I would hesitate to divulge the original size of my ego, if I thought my readers hadn't sensed it long ago.
In a college notebook that I filled in 1989 when I was a 20-year-old English major at Kent State University (and living at Sunrise Apartments). I was preparing to become a writer—writing about becoming one—and I predicted (forgive me, Fitzgerald) that I probably wouldn't feel satisfied if I became the next Kurt Vonnegut, the next Ernest Hemingway or even the next William Shakespeare.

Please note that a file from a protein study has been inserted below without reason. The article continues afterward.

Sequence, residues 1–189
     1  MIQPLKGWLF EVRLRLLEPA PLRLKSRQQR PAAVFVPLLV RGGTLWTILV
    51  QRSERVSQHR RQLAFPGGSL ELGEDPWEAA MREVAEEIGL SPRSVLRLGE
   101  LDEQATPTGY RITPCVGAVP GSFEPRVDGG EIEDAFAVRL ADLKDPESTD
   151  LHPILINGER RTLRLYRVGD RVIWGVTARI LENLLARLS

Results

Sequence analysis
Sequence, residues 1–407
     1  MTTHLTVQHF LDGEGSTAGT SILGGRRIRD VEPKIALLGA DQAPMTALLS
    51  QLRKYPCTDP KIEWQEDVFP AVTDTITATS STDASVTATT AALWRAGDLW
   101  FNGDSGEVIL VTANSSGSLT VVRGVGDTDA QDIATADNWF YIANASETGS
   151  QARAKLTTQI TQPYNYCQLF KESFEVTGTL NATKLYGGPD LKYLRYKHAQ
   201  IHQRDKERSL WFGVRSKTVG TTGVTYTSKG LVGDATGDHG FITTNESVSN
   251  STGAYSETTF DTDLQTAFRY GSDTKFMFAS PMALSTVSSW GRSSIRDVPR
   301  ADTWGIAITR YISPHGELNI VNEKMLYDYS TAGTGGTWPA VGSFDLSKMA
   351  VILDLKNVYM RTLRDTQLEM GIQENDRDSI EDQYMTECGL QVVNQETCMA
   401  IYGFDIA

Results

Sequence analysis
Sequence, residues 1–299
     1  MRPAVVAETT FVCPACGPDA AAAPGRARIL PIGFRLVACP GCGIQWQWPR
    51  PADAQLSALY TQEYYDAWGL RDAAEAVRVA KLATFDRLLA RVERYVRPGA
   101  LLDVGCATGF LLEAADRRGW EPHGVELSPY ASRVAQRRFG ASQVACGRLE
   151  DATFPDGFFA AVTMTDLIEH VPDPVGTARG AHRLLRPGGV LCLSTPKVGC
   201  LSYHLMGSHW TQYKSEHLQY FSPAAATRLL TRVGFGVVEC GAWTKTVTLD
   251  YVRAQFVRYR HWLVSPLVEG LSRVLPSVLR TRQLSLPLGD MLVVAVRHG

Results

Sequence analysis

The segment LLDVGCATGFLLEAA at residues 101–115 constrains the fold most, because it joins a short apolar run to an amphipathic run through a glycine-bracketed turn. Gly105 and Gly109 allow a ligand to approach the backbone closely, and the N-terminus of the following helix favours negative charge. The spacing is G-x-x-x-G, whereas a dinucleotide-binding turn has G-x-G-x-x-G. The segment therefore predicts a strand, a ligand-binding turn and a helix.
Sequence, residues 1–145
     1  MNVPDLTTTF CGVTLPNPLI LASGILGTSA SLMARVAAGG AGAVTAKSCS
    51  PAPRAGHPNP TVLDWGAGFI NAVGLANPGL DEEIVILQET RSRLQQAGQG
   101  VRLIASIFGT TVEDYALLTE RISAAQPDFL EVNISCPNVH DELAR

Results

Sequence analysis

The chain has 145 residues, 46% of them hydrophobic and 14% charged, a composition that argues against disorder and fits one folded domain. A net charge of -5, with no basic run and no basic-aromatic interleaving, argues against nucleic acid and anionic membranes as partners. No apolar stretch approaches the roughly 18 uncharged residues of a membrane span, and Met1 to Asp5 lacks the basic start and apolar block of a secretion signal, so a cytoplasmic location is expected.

Yes, my notebook really does say that. Someday you'll be able to look at that it at the Smithsonian, but you'll have to wear special white cotton gloves.
And now I'm reading the new biograhy of Kurt Vonnegut, and I am finding out that though Vonnegut was a "reliably funny" guy, he wasn't happy or even all that pleasant, and his children considered the great humanist a distant and even scary presence. (Though you'd be scary too if you had seven kids tearing around the house while you were trying to write Slaughterhouse Five.)
Anyway, this new information surprisingly returns to me the courage of my youthful conviction, that no, I would not be satisfied to be the next Kurt Vonnegut, because the the last one didn't even like the job.